Russian Woman, Who Claims to Be World's Oldest at 129, Says She's Had One Happy Day in her Life

A resident of Myanmar's Twilight Villa nursing home holds prayer beads in her hand on July 4, 2017. YE AUNG THU/AFP/Getty Images

Koku Istambulova is 129 years old, according to her Russian passport, but those years have been filled with more misery than happiness. At least, that's how she tells it.

Hailing from the Russian Republic of Chechnya, the elderly Muslim woman called out Allah (God) for allowing her to live so long.

"It was God's will. Why did Allah give me such a long life and so little happiness? I would have been dead long ago if not for Allah, who was holding me in his arms," Istambulova told British tabloid The Sun for an article published Friday. "It is hard to live when all who remembered you died long ago. And it is very scary to die, however old you are."

Koku Istambulova,129, Russian, said: 'Why did Allah give me such a long life & so little happiness? I would've been long dead if Allah wasn't holding me in His arms. Its hard to live when all you remember are those who died. And its very scary to die, no matter how old you are'.

— 🕷 (@salafi_writer) October 13, 2018

Speaking of some of the horrors she had experienced in her long life, Istambulova recounted being deported to Kazakhstan along with other Chechens under the dictatorship of Joseph Stalin. The mass deportation took place 74 years ago, in 1944. At the time, she would have already have been in her mid-50s.

"It was a bad day, cold and gloomy," Istambulova said. "We were put in a train and taken no one knew where. Railway carriages were stuffed with people–dirt, rubbish, excrement was everywhere … On the way to our exile, dead bodies were just thrown out of the train," she recounted.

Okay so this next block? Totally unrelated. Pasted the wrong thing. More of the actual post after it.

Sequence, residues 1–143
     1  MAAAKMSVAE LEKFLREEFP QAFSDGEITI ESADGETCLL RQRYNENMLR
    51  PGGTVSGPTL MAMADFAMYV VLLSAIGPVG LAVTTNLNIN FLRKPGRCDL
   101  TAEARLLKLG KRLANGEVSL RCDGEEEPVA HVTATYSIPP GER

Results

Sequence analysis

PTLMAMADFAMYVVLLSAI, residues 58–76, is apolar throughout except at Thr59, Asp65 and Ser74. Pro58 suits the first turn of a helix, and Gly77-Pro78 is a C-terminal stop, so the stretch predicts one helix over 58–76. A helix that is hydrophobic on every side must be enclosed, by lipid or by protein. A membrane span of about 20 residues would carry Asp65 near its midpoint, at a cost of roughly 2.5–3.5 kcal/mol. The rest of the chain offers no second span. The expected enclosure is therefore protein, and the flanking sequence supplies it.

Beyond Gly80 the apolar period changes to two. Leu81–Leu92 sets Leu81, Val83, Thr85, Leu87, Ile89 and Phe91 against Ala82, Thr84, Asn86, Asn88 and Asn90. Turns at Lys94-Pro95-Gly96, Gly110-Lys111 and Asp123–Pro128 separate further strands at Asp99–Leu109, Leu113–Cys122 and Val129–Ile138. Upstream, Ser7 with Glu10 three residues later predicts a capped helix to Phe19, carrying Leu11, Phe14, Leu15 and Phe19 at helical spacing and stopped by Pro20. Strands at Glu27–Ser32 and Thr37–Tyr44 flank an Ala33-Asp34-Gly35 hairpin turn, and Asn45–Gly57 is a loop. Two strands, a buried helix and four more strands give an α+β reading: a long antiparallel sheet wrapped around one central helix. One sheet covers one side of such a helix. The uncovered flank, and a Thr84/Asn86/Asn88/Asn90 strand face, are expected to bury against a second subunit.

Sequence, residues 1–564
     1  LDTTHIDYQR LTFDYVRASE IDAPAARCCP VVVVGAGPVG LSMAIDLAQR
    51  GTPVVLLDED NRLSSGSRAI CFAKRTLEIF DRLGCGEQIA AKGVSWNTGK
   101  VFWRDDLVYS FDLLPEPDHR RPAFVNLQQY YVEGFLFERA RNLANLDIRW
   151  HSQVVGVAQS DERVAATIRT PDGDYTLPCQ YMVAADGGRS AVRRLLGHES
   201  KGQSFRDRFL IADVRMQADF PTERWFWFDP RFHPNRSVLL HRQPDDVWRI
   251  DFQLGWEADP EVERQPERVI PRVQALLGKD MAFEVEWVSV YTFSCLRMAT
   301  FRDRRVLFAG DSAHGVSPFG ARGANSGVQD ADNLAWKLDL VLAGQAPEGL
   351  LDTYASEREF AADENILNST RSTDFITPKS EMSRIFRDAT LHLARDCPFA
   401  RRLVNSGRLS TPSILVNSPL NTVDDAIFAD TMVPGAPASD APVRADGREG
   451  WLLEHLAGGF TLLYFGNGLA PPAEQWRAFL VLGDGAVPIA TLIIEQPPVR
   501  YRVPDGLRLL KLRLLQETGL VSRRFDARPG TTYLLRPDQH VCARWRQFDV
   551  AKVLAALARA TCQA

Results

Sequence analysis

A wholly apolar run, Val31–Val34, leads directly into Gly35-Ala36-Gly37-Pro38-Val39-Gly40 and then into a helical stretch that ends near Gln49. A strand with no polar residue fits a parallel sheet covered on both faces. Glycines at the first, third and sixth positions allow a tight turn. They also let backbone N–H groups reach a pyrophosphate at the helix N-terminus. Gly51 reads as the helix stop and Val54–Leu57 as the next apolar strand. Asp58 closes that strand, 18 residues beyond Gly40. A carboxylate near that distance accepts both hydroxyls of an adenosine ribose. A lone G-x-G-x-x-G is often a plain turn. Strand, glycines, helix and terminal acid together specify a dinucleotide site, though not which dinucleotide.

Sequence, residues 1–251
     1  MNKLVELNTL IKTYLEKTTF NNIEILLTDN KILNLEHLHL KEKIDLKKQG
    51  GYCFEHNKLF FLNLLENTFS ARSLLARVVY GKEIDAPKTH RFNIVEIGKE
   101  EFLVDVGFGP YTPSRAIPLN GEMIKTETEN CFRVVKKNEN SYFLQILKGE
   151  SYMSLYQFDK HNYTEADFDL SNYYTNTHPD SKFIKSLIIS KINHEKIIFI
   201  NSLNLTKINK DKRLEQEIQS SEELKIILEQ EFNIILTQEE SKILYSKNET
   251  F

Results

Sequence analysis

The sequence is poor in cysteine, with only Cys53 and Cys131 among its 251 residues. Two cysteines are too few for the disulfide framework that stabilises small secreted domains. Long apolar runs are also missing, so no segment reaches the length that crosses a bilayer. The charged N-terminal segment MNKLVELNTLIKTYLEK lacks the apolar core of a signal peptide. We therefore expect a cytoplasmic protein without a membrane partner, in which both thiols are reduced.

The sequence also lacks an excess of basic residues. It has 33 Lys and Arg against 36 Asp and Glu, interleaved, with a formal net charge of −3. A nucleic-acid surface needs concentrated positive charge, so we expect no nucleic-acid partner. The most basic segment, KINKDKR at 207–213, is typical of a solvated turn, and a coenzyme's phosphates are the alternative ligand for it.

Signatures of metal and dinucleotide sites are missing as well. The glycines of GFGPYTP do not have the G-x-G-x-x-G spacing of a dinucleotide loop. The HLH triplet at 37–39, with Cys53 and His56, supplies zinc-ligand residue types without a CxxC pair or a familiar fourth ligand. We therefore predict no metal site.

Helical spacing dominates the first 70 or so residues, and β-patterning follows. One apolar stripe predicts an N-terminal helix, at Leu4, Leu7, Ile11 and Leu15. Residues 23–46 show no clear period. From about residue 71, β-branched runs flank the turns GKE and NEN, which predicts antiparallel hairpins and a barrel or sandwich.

"Nobody was allowed to bury the dead. Corpses were eaten by dogs. My father-in-law was thrown out of the train in this way," she explained through tears, saying only her daughter, Tamara, survived with her.

Previously, Istambulova told media that she had not had a single day of happiness in her life, British newspaper The Daily Mail reported. But speaking to The Sun, she mentioned the one happy day she experienced.

"It was the day when I first entered my house," she said. "It was very small and I stoked the stove with wood, but it was my home. I built it myself, the best house in the world. I lived there for 60 years." According to the elderly woman's account, her husband had been too lazy to help, so she did it alone.

Koku Istambulova claims to be 129, making her the world’s oldest woman:
•says not a single happy day in life
• was 27 at Russian Revolution
• 55 when WWII ended
• 102 when USSR fell
• loves fermented milk
• ‘no idea how I lived until now'
• calls long life 'a punishment'

— Roben Farzad (@robenfarzad) May 16, 2018

While Istambulova's account is fascinating, her age has not been officially confirmed or verified.

Guinness World Records claims that Masazo Nonaka of Japan is currently the oldest man in the world at 112, as of August. Violet Brown of Jamaica previously held the title of being the oldest women in the world, according to world records organization, but she died in 2017. The search is ongoing to verify the current oldest woman.

The world record for the person to live the longest ever, according to Guinness, is Jeanne Louise Calment of France. She lived to the ripe old age of 122 years and 164 days, dying in 1997.